Gilmore denies holding back dispute information
TÁNAISTE AND Labour Party leader Eamon Gilmore has rejected an Opposition claim that he is withholding “key information” about the dispute between Minister for Health James Reilly and former minister of state Róisín Shortall.
The Tánaiste had been asked about a leaked email to Labour councillors from party chairman Colm Keaveney TD who described a recent meeting with Mr Gilmore where the resignation of Ms Shortall was discussed.
Mr Keaveney wrote: “I am satisfied that there is another context to the story that he [Mr Gilmore] has not been able to publicly articulate, given the media atmosphere at this time. This context needs to be discussed with the party’s members and he is considering how to do that.”
Speaking to reporters at Iveagh House in Dublin yesterday, Mr Gilmore said: “The other context is the state of the country, the fact that we have a job to do as a Government to restore our economy and to get our economy to recover and to get people back to work.”
He added: “It is hugely important that the country has a stable Government in order to do that. And I take my responsibilities seriously to ensure that that stability of government continues.”
This was the first coalition between the two largest parties in the State, he said.
“From time to time there are issues that inevitably arise between the two parties: differences of emphasis sometimes, on policy matters or interpretations of the programme for government, and it is my approach and the Taoiseach’s approach that we deal with those issues in private.”
He added: “It’s not a case of keeping the problems behind closed doors, but I believe, and I know the Taoiseach agrees with this, that when we have difficulties in Government or when we have differences or disagreements, the place to resolve those differences and disagreements is within the room, around the table, or if necessary in direct discussion between the Taoiseach and I.”
Fianna Fáil health spokesman Billy Kelleher said earlier in a statement: “The chairman of the Labour Party has secretly written to party members revealing that in fact the Tánaiste has held back key information from the Dáil and the Irish people.”
He added: “Is it the case that the Tánaiste was actually aware of the ties between the owner of the Balbriggan site and the Minister for Health?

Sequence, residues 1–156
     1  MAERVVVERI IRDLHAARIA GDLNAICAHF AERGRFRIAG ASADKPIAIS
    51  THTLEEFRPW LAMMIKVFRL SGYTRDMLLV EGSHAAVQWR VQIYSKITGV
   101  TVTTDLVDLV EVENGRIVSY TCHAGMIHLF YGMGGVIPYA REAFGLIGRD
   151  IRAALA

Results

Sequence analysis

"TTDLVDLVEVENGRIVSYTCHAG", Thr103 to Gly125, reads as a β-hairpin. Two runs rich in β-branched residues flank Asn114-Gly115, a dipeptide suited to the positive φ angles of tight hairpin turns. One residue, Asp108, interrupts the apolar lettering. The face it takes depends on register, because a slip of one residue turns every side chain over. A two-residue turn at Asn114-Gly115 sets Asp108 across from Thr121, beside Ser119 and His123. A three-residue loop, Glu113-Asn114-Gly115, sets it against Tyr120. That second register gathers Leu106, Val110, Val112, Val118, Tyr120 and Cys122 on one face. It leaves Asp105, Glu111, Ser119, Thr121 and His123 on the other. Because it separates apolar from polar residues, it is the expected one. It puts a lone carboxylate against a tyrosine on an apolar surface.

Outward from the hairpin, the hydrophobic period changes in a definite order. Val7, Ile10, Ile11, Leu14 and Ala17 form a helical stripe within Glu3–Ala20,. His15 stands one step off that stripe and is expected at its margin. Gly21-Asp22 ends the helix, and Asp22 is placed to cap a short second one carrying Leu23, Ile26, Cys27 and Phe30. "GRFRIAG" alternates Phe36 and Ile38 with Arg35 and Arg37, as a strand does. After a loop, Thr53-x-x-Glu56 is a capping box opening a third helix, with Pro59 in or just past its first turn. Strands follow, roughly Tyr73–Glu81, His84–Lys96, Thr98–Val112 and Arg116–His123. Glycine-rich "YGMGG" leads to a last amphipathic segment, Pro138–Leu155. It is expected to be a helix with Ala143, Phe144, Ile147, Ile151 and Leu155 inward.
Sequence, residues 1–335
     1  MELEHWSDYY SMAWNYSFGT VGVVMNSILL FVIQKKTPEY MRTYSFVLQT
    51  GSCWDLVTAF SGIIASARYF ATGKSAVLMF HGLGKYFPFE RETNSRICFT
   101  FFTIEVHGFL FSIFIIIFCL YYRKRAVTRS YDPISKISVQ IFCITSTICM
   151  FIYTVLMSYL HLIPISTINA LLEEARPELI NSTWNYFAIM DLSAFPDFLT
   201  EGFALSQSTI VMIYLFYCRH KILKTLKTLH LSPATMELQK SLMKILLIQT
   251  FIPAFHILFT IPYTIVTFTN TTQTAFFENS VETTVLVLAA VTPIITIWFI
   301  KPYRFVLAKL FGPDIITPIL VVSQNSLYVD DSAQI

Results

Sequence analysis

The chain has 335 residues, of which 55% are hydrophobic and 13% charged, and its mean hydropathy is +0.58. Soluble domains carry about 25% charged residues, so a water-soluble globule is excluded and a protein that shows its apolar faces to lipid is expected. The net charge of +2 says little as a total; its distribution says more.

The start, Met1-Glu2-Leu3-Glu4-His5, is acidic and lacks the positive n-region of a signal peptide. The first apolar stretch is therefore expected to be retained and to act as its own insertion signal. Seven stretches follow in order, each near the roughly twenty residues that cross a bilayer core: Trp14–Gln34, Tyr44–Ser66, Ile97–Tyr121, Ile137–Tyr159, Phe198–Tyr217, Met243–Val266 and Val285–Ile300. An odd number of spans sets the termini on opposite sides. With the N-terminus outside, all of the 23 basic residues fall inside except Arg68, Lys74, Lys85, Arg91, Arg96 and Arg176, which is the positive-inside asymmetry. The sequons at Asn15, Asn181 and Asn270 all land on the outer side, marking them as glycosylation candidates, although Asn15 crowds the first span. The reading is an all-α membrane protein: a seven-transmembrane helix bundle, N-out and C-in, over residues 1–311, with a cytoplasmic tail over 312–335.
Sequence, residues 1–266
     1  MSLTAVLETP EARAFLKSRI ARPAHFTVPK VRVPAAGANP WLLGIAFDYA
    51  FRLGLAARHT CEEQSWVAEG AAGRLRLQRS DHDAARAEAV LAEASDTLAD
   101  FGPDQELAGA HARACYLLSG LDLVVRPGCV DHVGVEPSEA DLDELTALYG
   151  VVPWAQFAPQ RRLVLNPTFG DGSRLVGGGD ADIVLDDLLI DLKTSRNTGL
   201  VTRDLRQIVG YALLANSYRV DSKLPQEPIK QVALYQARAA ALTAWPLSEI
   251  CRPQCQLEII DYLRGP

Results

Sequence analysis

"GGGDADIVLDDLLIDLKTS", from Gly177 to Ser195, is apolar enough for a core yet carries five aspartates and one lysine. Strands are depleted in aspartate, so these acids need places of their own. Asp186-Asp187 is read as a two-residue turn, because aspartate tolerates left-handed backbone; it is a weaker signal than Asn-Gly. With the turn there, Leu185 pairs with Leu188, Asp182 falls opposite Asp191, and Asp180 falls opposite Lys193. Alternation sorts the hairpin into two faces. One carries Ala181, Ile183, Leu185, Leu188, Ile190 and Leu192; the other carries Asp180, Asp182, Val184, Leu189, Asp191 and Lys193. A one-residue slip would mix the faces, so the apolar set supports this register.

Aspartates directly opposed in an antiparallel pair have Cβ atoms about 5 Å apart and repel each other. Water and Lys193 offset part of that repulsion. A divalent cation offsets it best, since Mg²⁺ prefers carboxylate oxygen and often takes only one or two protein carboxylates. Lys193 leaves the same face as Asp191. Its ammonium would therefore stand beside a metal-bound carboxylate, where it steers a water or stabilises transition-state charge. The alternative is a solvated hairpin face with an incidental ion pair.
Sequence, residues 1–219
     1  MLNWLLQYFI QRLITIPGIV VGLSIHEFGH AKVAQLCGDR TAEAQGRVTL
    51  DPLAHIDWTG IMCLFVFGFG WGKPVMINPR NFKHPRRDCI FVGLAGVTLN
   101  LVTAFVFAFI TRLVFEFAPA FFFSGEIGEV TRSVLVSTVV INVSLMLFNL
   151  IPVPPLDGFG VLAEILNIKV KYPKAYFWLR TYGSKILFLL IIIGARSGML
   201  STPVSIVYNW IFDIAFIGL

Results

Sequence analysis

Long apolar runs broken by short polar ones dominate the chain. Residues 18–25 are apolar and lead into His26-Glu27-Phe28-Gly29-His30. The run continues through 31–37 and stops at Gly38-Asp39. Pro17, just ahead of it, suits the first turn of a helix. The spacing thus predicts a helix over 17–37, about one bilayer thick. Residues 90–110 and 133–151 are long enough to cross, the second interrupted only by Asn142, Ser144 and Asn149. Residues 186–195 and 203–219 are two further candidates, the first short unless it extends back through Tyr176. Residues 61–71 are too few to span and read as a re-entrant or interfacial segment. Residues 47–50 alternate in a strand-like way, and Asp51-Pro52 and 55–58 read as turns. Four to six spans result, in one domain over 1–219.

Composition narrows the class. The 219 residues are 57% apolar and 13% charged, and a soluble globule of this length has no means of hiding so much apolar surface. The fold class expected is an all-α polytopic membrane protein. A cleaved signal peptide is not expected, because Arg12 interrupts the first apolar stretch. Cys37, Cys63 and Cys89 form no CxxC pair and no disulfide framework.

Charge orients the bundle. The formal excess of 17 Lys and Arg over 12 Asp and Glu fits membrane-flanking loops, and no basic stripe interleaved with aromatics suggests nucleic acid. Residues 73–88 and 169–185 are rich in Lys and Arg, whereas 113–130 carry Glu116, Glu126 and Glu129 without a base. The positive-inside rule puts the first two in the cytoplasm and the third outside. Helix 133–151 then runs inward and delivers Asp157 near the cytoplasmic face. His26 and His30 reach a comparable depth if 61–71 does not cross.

“Does he have additional information on the reasons behind Róisín Shortall’s abrupt resignation?”
Sinn Féin spokesman Aengus Ó Snodaigh said Mr Gilmore had come into power on a platform that “government is best served by transparency” and was now insisting that problems would be dealt with in private by the Taoiseach and himself.
“We’re calling on him to come into the Dáil next week and tell us the full context of what is behind this,” Mr Ó Snodaigh said.
Leaked email: What was said
Extracts from the leaked email to Labour councillors sent by party chairman Colm Keaveney last Wednesday evening:
“Dear Colleague, I have been contacted by many party members recently following the resignation of Róisín Shortall. They have expressed disquiet at the events surrounding that resignation and with a number of other issues . . .
“The Party Leader took the initiative to contact me over the weekend just gone by and we discussed this issue and some of the other challenges we currently face as a party. . .
“At this point the Party Leader and I are being guided by the principle that we should focus more on fixing the problems rather than on fixing the blame and seek to navigate a way forward from our current position . . .
“The Party Leader and I discussed the quality of our engagement with members and we are in agreement that there is room for improvement . . .
“He also shared with me his view on recent events and I am satisfied that there is another context to the story that he has not been able to publicly articulate, given the media atmosphere at this time.
“This context needs to be discussed with the party’s members and he is considering how to do that at some point in the future . . .
“The next few months will be the toughest of our time in this Government and I am appealing for party unity in the face of this challenge . . . There are some in the media that are hostile to Labour and to our values and would only be delighted to use any internal tensions, not for our good, but for the detriment of what we stand for. There must be a degree of confidentiality concerning internal correspondence like this.”